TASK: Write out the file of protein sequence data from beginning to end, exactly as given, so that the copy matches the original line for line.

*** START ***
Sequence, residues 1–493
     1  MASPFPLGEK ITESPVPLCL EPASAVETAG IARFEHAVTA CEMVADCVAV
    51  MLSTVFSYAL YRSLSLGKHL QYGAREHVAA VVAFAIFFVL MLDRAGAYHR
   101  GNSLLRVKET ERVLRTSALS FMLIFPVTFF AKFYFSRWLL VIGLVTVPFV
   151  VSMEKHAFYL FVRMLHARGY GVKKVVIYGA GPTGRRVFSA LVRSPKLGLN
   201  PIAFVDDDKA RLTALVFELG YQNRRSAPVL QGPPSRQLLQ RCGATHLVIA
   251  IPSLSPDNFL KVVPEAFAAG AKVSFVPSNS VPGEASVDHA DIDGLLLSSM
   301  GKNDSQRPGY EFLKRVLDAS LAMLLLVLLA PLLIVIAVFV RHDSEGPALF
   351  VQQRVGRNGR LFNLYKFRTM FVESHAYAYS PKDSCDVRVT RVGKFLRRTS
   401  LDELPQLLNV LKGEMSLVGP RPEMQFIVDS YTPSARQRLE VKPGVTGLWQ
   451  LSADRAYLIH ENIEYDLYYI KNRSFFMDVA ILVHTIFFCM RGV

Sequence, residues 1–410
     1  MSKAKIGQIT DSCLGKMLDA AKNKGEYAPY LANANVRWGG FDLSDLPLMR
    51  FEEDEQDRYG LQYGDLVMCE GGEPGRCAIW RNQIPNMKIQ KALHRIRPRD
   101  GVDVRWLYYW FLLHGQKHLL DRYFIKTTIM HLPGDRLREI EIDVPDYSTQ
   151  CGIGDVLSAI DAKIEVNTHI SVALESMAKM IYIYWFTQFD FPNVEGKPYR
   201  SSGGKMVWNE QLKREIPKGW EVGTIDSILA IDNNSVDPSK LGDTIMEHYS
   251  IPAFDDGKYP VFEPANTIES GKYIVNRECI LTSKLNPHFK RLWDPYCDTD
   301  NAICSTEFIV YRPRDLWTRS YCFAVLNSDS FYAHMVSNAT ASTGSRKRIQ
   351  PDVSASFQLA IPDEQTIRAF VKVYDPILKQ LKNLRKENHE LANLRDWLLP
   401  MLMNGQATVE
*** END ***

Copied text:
Sequence, residues 1–493
     1  MASPFPLGEK ITESPVPLCL EPASAVETAG IARFEHAVTA CEMVADCVAV
    51  MLSTVFSYAL YRSLSLGKHL QYGAREHVAA VVAFAIFFVL MLDRAGAYHR
   101  GNSLLRVKET ERVLRTSALS FMLIFPVTFF AKFYFSRWLL VIGLVTVPFV
   151  VSMEKHAFYL FVRMLHARGY GVKKVVIYGA GPTGRRVFSA LVRSPKLGLN
   201  PIAFVDDDKA RLTALVFELG YQNRRSAPVL QGPPSRQLLQ RCGATHLVIA
   251  IPSLSPDNFL KVVPEAFAAG AKVSFVPSNS VPGEASVDHA DIDGLLLSSM
   301  GKNDSQRPGY EFLKRVLDAS LAMLLLVLLA PLLIVIAVFV RHDSEGPALF
   351  VQQRVGRNGR LFNLYKFRTM FVESHAYAYS PKDSCDVRVT RVGKFLRRTS
   401  LDELPQLLNV LKGEMSLVGP RPEMQFIVDS YTPSARQRLE VKPGVTGLWQ
   451  LSADRAYLIH ENIEYDLYYI KNRSFFMDVA ILVHTIFFCM RGV

Sequence, residues 1–410
     1  MSKAKIGQIT DSCLGKMLDA AKNKGEYAPY LANANVRWGG FDLSDLPLMR
    51  FEEDEQDRYG LQYGDLVMCE GGEPGRCAIW RNQIPNMKIQ KALHRIRPRD
   101  GVDVRWLYYW FLLHGQKHLL DRYFIKTTIM HLPGDRLREI EIDVPDYSTQ
   151  CGIGDVLSAI DAKIEVNTHI SVALESMAKM IYIYWFTQFD FPNVEGKPYR
   201  SSGGKMVWNE QLKREIPKGW EVGTIDSILA IDNNSVDPSK LGDTIMEHYS
   251  IPAFDDGKYP VFEPANTIES GKYIVNRECI LTSKLNPHFK RLWDPYCDTD
   301  NAICSTEFIV YRPRDLWTRS YCFAVLNSDS FYAHMVSNAT ASTGSRKRIQ
   351  PDVSASFQLA IPDEQTIRAF VKVYDPILKQ LKNLRKENHE LANLRDWLLP
   401  MLMNGQATVE